FE&S explores the impact of rising food and gas prices among other challenges facing the foodservice industry as it tries to emerge from economic doldrums.
Despite the overwhelming optimism the foodservice industry exhibited during The NAFEM Show this past February, the community faces a number of legitimate obstacles, such as rising gas prices and food costs, as it tries to post its first year of real growth in quite some time.
So how will these developments impact the remainder of 2011? FE&S polled its operator and dealer subscribers to get a better idea from them about how they are dealing with the new economic factors that foodservice faces.
Through the first half of the year, net sales growth for operators and dealers has exceeded their projections heading into 2011, according to FE&S' 2011 Mid-Year Forecast Update. And both groups expect to reach their sales targets in the second half, although by anticipating 4.5 percent growth dealers project a more robust period than their operator customers, who project a .8 percent increase over their budget for the same time frame.
All in all, foodservice operators project their annual sales will increase by 3.5 percent, which is consistent with the 2011 Forecasts published by the National Restaurant Association in its 2011 Forecast (3.6 percent growth) and Technomic (3.5 percent). This projection is slightly better than what operators anticipated in the fall of 2010, when they projected 2.8 percent growth for the coming year as reported in FE&S' 2011 Forecast Study.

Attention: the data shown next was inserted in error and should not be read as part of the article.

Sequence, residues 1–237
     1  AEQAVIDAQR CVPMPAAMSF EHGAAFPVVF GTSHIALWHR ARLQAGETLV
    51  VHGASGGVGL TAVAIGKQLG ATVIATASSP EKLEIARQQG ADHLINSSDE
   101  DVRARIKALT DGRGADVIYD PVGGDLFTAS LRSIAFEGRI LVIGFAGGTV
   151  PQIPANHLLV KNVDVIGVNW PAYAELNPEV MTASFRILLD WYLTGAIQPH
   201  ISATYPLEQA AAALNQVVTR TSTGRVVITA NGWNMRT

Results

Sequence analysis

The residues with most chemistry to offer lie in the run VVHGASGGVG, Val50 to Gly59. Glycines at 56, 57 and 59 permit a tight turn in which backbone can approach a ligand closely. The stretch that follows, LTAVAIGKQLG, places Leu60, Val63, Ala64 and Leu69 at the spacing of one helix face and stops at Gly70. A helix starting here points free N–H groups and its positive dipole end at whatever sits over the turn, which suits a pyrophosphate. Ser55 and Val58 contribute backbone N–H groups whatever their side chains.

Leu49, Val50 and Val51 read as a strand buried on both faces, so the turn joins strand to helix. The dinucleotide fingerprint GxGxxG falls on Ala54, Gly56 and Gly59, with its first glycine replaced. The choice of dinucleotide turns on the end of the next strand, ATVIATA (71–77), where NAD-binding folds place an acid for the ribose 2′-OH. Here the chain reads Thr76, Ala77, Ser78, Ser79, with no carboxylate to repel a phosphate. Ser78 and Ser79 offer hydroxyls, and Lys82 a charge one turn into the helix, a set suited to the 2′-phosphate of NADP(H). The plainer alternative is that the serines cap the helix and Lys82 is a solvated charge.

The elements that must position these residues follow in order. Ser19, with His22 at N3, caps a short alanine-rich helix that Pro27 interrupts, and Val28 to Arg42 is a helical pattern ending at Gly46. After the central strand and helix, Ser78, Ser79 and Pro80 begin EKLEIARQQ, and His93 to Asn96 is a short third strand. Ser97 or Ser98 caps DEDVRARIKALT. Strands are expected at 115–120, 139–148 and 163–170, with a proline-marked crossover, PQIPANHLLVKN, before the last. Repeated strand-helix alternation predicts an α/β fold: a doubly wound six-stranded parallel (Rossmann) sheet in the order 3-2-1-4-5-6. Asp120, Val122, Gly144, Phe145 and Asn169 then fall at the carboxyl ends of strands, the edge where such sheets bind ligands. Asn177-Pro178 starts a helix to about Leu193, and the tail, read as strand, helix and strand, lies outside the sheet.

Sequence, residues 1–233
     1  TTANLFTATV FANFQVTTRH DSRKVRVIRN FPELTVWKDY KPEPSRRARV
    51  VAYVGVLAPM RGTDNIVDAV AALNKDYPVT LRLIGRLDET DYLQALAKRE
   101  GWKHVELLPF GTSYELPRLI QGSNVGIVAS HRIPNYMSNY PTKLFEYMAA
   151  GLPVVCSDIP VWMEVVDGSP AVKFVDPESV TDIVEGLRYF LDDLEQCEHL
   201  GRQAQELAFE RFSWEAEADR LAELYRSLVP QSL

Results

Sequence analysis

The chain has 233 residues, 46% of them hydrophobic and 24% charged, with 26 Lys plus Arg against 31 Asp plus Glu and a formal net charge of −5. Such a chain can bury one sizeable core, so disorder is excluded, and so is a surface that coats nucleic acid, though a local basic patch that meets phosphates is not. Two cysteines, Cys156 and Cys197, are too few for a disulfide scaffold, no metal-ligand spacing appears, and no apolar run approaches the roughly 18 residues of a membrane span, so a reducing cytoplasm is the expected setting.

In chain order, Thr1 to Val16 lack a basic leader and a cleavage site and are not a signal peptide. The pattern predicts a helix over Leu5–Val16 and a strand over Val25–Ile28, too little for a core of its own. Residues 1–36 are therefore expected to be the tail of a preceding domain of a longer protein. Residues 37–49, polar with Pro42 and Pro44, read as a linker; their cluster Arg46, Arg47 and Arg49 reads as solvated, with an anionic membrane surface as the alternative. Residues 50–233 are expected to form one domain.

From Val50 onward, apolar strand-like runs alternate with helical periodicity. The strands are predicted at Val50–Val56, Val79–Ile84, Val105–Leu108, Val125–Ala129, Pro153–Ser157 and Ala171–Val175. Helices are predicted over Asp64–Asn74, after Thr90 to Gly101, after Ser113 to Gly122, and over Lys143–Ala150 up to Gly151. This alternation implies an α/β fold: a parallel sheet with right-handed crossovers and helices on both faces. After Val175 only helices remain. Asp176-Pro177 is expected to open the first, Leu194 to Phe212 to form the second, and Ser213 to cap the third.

While it is nice to see the industry generally trending upward, Darren Tristano, executive vice president at Technomic, a Chicago-based market research firm, advises taking a cautious outlook. "We have to be careful because the industry is still down from three years ago and is working its way back to where it was," Tristano says. "The numbers may look good today but you have to remember that they were down double digits the prior year. So we want to see some sustainable growth."
Along those lines, it is important to point out that 82 percent of foodservice operators report that customer traffic has increased (46 percent) or stayed the same with 2010 levels. Overall, foodservice operators report a 2.9 percent net increase in customer traffic, citing renewed consumer optimism about the economy, visible signs of an up-trending economy, operational and menu changes and a focus on improving quality as influencing factors. What's interesting to note about foodservice operators is that while they report increased customer counts, net check averages are growing at a more modest rate of two percent. "It is a combination of consumers spending less and some price increases leveling them out," Tristano says.
In addition, 68 percent of operators reported holding the line on menu prices. Among the 30 percent of operators reporting an increase in menu prices the average rate was 1.9 percent. When discussing why they increased menu prices, the top driving factors cited by operators were higher food costs, higher labor costs, higher facility/operation costs and an increase in other specific expenses such as credit card fees and freight/shipping charges.